User Handbook - Help Center UX
Start date: August 2014
Category: UX - web development
SWIFT's User Handbook is based on a collection of over 700 published print manuals. The content of these books is currently available in the support section of the website in various forms: xml files, pdf or other downloadable files. The search for the right information is tedious for new user, and the actual search process needs to be 'learnt' to find the right information quicker. Most users that have trouble with the online documentation, depend on downloading PDF files of the documentation to search for the right information. But this is not ideal when you want to make sure the user has access to all the latest updates.
So SWIFT team approached me to take a look at their existing documentation search tool, to diagnose where the issues are, and suggest a UI (no design at this stage) to make their documentation more useable and accessible. This would also help them define what the users really needed, so that if they encountered a ready-made solution they could use, they could easily evaluate the product by comparing it with my proposal.
A swift search to the right answer.
Step one: UX Heuristic Analysis
I first started out looking at the current situation of the online User Handbook. I diagnosed all the issues/bugs I encountered that hinder the user from properly understanding and using the tool. I classified the issues depending on how they would impact and frustrate the user. This allowed the team to know what was urgent to fix.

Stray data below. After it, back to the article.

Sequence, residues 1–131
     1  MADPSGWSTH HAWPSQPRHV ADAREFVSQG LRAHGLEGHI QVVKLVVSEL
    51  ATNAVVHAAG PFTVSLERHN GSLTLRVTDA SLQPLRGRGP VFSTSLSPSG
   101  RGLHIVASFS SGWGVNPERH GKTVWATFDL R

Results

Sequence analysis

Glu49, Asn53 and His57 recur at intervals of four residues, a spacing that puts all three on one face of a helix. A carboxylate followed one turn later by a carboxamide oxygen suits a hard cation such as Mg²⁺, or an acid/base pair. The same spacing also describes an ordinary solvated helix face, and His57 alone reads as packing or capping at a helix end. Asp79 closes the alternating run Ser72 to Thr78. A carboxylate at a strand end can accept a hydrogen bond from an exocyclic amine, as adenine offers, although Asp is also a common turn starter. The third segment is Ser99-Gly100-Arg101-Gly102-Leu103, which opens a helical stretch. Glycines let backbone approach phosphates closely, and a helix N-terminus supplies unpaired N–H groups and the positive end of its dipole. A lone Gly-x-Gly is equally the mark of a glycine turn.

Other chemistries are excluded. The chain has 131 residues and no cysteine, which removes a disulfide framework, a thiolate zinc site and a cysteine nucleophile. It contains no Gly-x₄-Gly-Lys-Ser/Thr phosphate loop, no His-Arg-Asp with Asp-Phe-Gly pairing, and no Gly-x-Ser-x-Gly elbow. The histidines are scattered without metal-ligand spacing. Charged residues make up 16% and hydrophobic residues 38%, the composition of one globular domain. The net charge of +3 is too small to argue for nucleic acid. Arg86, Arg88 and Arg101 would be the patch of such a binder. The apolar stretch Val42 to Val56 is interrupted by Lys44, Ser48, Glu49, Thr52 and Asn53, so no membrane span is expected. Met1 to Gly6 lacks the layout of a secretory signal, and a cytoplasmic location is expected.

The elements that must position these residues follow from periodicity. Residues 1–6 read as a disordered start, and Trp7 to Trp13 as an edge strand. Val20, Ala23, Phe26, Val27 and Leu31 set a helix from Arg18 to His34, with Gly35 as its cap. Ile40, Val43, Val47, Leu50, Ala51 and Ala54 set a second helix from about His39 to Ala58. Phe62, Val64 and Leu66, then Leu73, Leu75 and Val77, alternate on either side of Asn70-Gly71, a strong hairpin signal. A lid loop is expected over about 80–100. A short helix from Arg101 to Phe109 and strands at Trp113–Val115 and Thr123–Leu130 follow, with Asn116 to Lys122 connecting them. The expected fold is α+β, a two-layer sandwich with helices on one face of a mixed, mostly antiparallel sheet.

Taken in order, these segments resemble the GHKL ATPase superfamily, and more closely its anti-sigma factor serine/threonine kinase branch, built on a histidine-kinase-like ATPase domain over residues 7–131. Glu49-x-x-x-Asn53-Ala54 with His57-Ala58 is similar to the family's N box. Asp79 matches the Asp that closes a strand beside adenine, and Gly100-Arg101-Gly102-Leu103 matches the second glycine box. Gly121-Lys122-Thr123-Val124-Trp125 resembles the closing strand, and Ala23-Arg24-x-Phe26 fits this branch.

Step two: Wireframes
I then started creating a wireframe of an alternative UI for the User Handbook, that I called Help Center. The Help Center needed to have a clear and easy navigation and search system, to be more intuitive (no need to 'learn' how to use it any more), and make the user prefer using the online Help Center.
User interviews and testing
At different stages of the project, I conducted user interviews and tests.
In the first stage of the project I observed people using the current existing tool. The users would show me how they would use it, what they liked about it, what frustrated them.
During the wireframe stage (step two), I would ask some users to take a look at the different screens to see how they would react to it and get feedback. From this I was able to make adjustments, until I and the users were confident that we have reached a good compromise.
The last stage of user testing, was once the prototype was ready (step three). At this stage the users could see a simulation of the Help Center and were able to give SWIFT valuable feedback about what they liked about it and which features they thought were most useful.
Step three: Prototype
I created an HTML prototype from the wireframe I created (no design work at this stage). This was so that the team could present their vision to colleagues and customers, and show where they were heading or to get feedback. Although the prototype wasn't a real databased-driven search engine, it simulated all the different functionalities. I also presented a walk-through script that they could follow, to demonstrate all the functionalities in a minimum of time.
They were able to present, to a few key customers/users, the prototype and an existing ready-made solution they were thinking of using. They wanted to see if the existing solution was enough for their users, or if they needed to look further, or even develop it in-house if no other solution fits the bill.